After reading Geoff Roes' "One Story about Overtraining" I decided I should do something similar about my run in with Shingles. Mainly because of the total cloud that existed throughout my entire discovery of the root cause. While I can't tie my breakout of shingles directly to overtraining, I also cant fully dismiss it.
I was cleared by my GI doctor back in May and he confirmed that all of my symptoms of; dizziness, headaches, digestion issues, abdominal pain, bloating were all related to having the shingles virus attack the right side of my torso where the gallbladder and small intestines are located. Since the virus it is a nervous system disorder, there can be a lot of symptoms that occur for weeks, even months before the actual rash appears on the skin with no clear signal of what is causing it. Fun right? "You bet!"
Lets step back a bit into 2012 to see where this all started. I trained hard though a really hot summer and put myself in a solid position to run a strong Tahoe 100 in July. That didn't quite come together as planned but I finished knowing that I'd be taking on another 100 before the year was over to make up for my less than stellar performance. I quickly threw my name in for Ozark Trail 100 in early November. I continued to train hard as well as put together and direct my first race in September with the great help of my friend and Co-RD Tommy Doias. We worked hard, lost lots of sleep and were generally stressed out most of the time but we pulled it off and felt great about it.
On the work front, a co-worker quit and I took over some of their duties. I continued to do a few jobs as well as get my training volume up to continue to prepare for Ozark Trail. I ran Ozark, had a good race but could feel myself being worn down. Not just the "I ran 100 miles" worn down, but physically and mentally I was not firing on all cylinders. I decided to lay off and give myself a break from training all together. I took a trip to New Orleans where I slept little and drank much. It was a relaxing and great time but I kept digging that whole of exhaustion even though I was not tearing myself down in training. Shortly after that, flu season hit and the Liles household was not exempt. I was sick for a week or so then finally jumped back on the training wagon so I could hit my yearly goal of 2400 miles just as the year closed out. Maybe I was coming around?
Not so fast! January was terrible. I could not get it together. I was fatigued all the time. My legs felt like lead and my breathing was labored all the time along with some random chest pains on the upper right side. I gave up and threw in the towel in January. In Feb, I continued my downward spiral and all of my symptoms hit full on, mirror that of a gallbladder disease. I went to the doctor where I had ultrasounds and HIDDA scans to determine if my gallbladder was going need to be removed. I passed every test with flying colors. The doctors even noted on several occasions, "you are one of the healthiest people we've had in here." "Awesome" I'd say "then why do I feel so bad?"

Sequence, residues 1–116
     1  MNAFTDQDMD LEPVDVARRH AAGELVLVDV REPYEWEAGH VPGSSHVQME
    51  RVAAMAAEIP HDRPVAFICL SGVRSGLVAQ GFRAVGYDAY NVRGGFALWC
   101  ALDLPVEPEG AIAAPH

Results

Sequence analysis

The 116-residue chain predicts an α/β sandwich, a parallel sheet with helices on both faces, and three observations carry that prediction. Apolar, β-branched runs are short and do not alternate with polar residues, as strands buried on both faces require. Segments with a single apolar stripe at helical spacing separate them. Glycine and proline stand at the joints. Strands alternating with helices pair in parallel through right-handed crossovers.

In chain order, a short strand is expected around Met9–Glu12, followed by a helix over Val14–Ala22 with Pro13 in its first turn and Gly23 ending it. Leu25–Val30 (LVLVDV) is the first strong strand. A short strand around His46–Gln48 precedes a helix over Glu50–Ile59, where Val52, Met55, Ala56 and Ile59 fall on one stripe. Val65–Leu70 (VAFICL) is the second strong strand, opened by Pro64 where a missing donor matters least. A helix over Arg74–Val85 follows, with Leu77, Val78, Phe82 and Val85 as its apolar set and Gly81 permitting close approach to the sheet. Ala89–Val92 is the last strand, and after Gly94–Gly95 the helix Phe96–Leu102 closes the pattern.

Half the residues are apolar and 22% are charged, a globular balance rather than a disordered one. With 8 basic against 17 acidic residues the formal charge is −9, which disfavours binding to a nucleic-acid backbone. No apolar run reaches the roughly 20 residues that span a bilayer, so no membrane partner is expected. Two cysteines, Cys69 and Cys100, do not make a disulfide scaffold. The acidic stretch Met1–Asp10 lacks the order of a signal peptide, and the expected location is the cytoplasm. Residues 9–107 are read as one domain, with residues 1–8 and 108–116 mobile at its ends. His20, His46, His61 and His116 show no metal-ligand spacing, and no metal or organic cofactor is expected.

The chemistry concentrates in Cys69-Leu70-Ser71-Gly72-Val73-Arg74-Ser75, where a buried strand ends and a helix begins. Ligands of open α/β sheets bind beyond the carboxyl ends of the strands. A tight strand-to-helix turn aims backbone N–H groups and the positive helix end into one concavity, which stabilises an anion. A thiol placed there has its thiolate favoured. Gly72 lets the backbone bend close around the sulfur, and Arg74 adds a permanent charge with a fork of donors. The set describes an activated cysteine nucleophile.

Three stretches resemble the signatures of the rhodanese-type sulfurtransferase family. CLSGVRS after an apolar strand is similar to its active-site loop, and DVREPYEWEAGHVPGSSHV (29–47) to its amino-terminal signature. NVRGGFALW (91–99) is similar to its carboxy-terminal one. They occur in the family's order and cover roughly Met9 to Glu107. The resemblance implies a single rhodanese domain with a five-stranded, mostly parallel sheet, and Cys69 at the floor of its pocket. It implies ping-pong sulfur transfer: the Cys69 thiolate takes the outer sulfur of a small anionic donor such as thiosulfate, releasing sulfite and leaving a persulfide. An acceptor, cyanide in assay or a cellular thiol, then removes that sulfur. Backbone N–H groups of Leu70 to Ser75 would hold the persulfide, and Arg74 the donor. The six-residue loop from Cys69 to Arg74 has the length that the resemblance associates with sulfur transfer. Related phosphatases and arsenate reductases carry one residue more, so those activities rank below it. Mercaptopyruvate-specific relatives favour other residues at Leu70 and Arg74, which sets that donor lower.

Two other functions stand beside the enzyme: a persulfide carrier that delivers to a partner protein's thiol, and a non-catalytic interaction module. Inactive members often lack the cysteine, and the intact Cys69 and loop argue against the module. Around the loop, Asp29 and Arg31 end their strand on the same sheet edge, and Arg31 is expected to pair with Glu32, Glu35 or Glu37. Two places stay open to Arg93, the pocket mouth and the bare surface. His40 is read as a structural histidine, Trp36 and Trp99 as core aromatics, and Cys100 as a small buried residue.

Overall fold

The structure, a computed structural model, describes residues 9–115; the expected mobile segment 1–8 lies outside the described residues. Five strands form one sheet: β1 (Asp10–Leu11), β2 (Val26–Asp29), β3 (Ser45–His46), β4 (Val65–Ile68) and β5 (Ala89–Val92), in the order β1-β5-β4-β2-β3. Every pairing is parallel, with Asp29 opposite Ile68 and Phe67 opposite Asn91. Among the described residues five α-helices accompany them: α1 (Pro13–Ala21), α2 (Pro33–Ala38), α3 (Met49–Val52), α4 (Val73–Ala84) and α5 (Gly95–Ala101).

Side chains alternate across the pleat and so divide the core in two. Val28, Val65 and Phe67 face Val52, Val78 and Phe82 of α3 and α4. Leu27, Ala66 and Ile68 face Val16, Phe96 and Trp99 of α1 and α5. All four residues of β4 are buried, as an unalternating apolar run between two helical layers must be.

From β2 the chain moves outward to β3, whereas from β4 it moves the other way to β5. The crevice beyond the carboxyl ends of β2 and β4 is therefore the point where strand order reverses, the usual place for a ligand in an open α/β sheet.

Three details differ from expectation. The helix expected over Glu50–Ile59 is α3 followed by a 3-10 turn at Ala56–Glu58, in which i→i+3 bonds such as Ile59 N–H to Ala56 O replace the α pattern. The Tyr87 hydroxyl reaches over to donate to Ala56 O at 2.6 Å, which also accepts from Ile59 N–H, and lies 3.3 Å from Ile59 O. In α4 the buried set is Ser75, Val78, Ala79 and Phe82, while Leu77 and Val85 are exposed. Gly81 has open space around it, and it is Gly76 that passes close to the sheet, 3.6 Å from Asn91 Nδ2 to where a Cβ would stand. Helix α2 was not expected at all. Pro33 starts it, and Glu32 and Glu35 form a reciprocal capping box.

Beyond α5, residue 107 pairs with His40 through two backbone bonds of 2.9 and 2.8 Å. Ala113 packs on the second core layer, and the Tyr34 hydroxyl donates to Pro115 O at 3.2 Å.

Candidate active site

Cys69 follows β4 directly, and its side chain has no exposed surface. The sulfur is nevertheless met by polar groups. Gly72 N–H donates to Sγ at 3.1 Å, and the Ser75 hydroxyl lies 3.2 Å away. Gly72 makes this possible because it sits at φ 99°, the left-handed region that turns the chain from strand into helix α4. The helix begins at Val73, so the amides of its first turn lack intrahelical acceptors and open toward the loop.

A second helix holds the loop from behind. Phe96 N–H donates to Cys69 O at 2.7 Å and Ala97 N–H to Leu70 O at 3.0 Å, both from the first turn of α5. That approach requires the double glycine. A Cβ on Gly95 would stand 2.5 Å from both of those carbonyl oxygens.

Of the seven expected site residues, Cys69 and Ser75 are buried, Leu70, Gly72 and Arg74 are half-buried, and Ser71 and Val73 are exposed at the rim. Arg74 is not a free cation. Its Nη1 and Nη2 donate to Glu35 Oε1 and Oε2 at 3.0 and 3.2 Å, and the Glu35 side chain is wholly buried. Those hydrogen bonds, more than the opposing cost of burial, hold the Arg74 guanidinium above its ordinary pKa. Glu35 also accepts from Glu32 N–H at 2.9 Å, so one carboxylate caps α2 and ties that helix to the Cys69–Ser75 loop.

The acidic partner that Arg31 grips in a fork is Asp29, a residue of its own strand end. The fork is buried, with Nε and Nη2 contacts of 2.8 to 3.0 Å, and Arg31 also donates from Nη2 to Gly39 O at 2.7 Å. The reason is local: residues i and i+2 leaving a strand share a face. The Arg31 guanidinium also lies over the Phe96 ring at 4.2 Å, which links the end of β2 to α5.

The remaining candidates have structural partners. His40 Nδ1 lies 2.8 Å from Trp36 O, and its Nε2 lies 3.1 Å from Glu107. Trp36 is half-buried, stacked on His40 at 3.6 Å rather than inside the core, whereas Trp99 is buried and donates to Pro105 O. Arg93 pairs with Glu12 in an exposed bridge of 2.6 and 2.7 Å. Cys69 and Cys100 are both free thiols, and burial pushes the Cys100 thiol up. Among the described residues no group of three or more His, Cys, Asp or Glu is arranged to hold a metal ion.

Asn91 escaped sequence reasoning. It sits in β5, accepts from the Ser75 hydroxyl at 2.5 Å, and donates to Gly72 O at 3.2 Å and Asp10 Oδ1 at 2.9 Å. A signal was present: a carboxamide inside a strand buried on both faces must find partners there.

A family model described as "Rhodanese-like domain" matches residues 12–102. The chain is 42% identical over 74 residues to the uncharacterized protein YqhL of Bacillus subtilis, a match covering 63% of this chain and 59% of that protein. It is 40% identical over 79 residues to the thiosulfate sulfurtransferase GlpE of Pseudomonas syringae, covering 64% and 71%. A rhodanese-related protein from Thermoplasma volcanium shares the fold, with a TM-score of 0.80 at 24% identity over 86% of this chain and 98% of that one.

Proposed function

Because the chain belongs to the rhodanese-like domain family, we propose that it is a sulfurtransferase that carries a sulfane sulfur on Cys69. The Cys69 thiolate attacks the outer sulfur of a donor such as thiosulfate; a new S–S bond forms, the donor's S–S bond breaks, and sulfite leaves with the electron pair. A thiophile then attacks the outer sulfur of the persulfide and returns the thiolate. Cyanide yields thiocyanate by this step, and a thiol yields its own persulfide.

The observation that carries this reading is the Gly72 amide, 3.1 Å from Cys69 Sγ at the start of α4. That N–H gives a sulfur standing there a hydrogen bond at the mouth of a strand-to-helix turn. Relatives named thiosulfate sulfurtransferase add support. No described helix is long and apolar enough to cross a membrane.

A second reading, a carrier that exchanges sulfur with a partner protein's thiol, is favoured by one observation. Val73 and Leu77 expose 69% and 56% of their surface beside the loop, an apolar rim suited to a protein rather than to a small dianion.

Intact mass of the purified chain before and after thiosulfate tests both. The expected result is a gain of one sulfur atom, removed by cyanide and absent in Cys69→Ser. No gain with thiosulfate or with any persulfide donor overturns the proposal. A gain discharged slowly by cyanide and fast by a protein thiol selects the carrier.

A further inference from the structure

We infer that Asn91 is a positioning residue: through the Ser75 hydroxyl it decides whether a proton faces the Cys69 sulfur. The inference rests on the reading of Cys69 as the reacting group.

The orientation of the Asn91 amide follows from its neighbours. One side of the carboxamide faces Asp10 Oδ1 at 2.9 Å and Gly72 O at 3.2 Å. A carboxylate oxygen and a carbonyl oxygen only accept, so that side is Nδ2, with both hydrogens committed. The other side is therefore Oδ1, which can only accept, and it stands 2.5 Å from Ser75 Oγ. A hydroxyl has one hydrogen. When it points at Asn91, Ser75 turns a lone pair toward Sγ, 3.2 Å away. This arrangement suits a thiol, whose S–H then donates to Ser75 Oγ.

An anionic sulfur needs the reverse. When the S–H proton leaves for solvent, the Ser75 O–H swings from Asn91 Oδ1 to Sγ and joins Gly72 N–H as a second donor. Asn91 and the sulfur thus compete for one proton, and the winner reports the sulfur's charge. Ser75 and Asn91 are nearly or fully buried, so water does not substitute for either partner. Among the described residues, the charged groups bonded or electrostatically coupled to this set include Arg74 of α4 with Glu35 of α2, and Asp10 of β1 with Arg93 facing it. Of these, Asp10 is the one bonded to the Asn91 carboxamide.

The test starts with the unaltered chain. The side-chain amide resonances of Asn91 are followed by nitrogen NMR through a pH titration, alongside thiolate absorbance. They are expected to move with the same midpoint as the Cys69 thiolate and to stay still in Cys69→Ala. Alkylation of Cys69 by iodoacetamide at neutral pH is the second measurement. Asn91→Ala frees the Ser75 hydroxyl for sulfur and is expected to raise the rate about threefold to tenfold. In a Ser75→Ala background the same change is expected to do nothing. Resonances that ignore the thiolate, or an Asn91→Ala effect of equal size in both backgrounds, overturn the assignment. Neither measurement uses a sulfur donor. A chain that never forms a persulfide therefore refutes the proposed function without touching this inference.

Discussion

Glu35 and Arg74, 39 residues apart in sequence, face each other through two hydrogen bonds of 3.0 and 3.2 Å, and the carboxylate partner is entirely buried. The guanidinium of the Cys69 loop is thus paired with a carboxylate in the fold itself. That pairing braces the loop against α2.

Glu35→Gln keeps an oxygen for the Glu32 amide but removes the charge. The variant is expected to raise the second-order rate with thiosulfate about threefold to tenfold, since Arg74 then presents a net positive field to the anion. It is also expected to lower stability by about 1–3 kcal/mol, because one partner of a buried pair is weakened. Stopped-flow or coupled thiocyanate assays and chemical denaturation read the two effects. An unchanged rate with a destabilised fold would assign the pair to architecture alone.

It was getting depressing. I was sick all the time and no one knew why. I'd changed my diet drastically to combat any food allergies but my body responded different all the time. I could eat an amazing meal of whole foods and feel terrible or eat fast food and feel amazing. I could do that same thing the next day and get the exact opposite result. I was refereed to a GI specialist with the instructions of "we need to get his blessing to get your gallbladder out because I think that is the issue even though we have not evidence." I was desperate. I r-e-a-l-l-y don't need a gallbladder so lets just get the damn thing out so we can cross that off. How silly is that? And what a desperate though. "Cut out an organ just because"
Somewhere between waiting for my appointment at the G.I. doctor and late February I started feeling better. I was running again and even hit a 50 mile week. However I caught what I thought was some poison oak on my side right where my pack hit then extended to my chest and to the middle of my back. Great, I just got back to training and now something on my pack from months ago is going to mess it up. Well that rash grew, became more red, and hurt super bad. It hurt so bad in fact that I was losing sleep as I could not sleep in a single position where I was not on the irritation. Time to go to the prompt care and get a shot to get rid of this poison oak. I arrived at prompt care and showed the doctor the rash and she quickly replied... "nope, that shingles"
Shingles! What am I, a 70 year old? Regardless, it does not matter. ALL of my issues came from this virus that sits in your body and may or may not ever come out. It was the perfect storm of stresses hitting me, training, work, race directing, flu season, all around the same time and boom, I was a mess of sickness. Today, I'm running as if it never happened. As debilitating as this virus was for 2 months it just went away and I am fine now. Interestingly there is not much that can be done about shingles other than wait it out for someone my age. I can get a shot in 25 years or so that will suppress it. In the mean time I just have to keep the stress down I guess.
So why write all this? Well, it sucked and as a generally healthy person to have some sort of illness that takes (in some cases) months to fully come to a head is a painful experience. Second, I have not written a post in a while Third, since having it I have heard many stories from others about Shingles and how it has done everything from put a young man in a wheelchair and another to think he was having a heart attack all to just go away as fast as it came. This is my story, hopefully you don't have one like it. If you are having weird health issues and have had chicken pox as a kid.... don't forget about shingles as a possible cause.